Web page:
Tuesday, October 23, 2012

Operation Crossroads

David Bradley, Dartmouth Class of 1938, was a member of the Radiological Safety Section for the Able and Baker tests conducted during Operation Crossroads, one of several peacetime nuclear bomb blasts carried out at Bikini Atoll in the Pacific Ocean. He was a member of the team that measured radioactivity at various altitudes immediately after each explosion. Bradley's book No Place to Hide (Boston: Little Brown, 1948) was a memoir about the Bikini Atoll experiments and attempted to expose the dangers associated with nuclear fallout and atomic warfare to the public at large.

In a May 5, 1947, letter to David Lilienthal, chair of the Atomic Energy Commission, Bradley explains his purpose in publishing information about the tests. He writes, "in light of current world affairs we Americans cannot afford the luxury of ignorance," and adds that "informed public opinion is the only hope in playing our cards right in the great international game going on today."

In addition to his correspondence and manuscripts of No Place to Hide, Bradley's papers contain numerous photographs associated with the tests as well as his personal log for that period. The entry for July 1, 1946, reads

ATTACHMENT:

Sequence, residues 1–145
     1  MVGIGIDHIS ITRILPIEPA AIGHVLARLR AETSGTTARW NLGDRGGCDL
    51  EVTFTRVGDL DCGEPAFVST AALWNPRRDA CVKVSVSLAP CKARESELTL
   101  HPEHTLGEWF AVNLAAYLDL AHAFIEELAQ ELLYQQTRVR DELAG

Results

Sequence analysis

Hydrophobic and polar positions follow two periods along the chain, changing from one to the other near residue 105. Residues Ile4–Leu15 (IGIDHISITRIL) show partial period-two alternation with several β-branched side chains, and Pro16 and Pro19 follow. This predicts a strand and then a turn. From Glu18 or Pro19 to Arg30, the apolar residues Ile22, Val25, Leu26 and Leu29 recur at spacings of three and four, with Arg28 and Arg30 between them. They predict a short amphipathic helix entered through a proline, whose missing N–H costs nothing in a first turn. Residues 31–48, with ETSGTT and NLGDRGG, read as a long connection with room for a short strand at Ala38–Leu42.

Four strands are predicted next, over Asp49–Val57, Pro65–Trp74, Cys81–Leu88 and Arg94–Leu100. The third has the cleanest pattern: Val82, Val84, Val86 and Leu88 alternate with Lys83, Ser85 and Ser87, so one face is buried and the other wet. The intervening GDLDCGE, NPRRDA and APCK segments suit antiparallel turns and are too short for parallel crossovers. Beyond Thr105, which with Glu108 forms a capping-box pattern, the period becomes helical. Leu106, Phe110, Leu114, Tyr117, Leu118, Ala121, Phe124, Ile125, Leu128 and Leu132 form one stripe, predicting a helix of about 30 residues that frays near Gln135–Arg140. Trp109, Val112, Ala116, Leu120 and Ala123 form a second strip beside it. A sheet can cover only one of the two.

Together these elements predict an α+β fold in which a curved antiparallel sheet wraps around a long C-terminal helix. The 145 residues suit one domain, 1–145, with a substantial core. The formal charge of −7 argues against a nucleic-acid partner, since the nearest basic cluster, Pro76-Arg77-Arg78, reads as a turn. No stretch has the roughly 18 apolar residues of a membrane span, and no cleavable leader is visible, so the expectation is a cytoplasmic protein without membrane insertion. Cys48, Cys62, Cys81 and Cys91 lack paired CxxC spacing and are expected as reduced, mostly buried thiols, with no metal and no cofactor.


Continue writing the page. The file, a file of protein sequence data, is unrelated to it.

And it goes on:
For us miles away from the Target, the bomb went off unannounced. We saw no flash through our goggles, and felt no impact. But soon after we could see the fateful cloud, boiling up thru the strato cumulus, thick, dense, white. At first it looked like many another thunderhead, but its rapid climb and mushrooming, white, evil looking head soon stamped it as the McCoy.
Ask for MS-1002. A guide to the collection is available.  The published version of No Place to Hide is also available in Rauner.

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